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Code for Thought

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Fred,

Comments from Seismic Zone 2!

Maybe, maybe, if California does end up with zones of moderate seismicity, it 
will be beneficial for us outside of California that have to justify why we 
need certain requirements.  It is well known that all of California had been 
zoned 3 or 4 so as not to deal with the question of zone 2.  It is also well 
known that SEAOC's position regarding seismic design stops at the interface 
of seismic zone 3 with 2.

With the adoption of the 1985 UBC, the seismic provisions for zone 2 have 
practically been eliminated.  A prime example has to do with reinforced 
masonry that you mentioned.  Pre-1985 the UBC required that "all concrete and 
masonry the resists seismic forces meet the requirements for reinforced 
concrete or masonry."  The requirements for reinforced masonry were a minimum 
of .002 times the cross-sectional area of the wall --- You are familiar with 
the requirements.  With the 1985 UBC seismic zone 2 was lumped with seismic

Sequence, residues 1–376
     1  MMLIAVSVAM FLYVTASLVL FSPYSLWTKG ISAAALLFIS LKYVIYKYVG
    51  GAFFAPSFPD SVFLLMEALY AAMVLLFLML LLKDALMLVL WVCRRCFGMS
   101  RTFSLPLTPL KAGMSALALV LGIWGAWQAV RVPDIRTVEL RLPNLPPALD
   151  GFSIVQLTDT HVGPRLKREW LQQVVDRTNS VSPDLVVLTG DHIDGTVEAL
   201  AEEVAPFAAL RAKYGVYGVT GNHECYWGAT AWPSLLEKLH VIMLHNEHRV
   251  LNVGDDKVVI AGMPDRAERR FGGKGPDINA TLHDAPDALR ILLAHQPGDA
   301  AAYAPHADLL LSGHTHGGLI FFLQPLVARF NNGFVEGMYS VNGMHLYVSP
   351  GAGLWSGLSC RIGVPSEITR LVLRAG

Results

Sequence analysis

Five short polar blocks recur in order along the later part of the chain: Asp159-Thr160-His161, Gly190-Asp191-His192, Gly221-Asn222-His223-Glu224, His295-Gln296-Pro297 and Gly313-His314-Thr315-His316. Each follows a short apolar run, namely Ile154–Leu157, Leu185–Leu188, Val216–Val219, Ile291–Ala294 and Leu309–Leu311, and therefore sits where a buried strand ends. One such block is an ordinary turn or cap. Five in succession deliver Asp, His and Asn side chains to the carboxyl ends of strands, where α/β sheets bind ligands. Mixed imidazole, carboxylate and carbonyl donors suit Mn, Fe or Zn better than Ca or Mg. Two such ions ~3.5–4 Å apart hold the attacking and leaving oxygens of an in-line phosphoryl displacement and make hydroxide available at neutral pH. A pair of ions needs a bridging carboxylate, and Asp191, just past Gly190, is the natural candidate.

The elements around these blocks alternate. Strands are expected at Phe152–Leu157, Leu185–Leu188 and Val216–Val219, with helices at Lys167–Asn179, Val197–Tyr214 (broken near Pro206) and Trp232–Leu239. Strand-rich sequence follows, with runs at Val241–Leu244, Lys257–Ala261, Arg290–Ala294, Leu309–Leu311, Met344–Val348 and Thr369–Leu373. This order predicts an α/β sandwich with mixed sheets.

zone 1 and the reinforcing was changed to essentially unreinforced masonry 
based on a small series of tests for HUD for *small* single story masonry 
homes.  Test reports emphasized that the results were limited, 2500 sf max 
house, single story, etc., however, these restrictions appear nowhere in the 
UBC.

Just because there are rebars in a wall doesn't mean that it is reinforced 
masonry.  The criteria that I learned in school for the difference between 
unreinforced concrete and reinforced concrete is that the strength of a 
reinforced beam, wall, etc., should be at least 1.25 times the calculated 
strength of an unreinforced element.  That requirement, which was to prevent 
sudden failure at the same time of the reinforcing *and* concrete/masonry, 
seems to have been forgotten.

Seismic Zone 2 requirements should be closely akin to Seismic Zone 3 
requirements.  We have had, and will have earthquakes of the same magnitude 
that is experienced in Seismic Zone 3, except that we don't have them as 
often, at least not as often in the past 112 years.

It is with a wee bit of hope that California will adopt moderate earthquake 
zones so that the benefits will spill over to us.

It is a bitter fight to fight against local modifications to the building 
code that will permit mud adobe, burnt adobe, unreinforced masonry, and straw 
bale construction and loose.  While I, and many other structural engineers 
would not think of designing to the inadequate requirements that are now 
permitted in the UBC, there are some who will conform only to what is 
required by the code.

I will get off my soap box now!

A. Roger Turk, P.E.(Structural)
Tucson, Arizona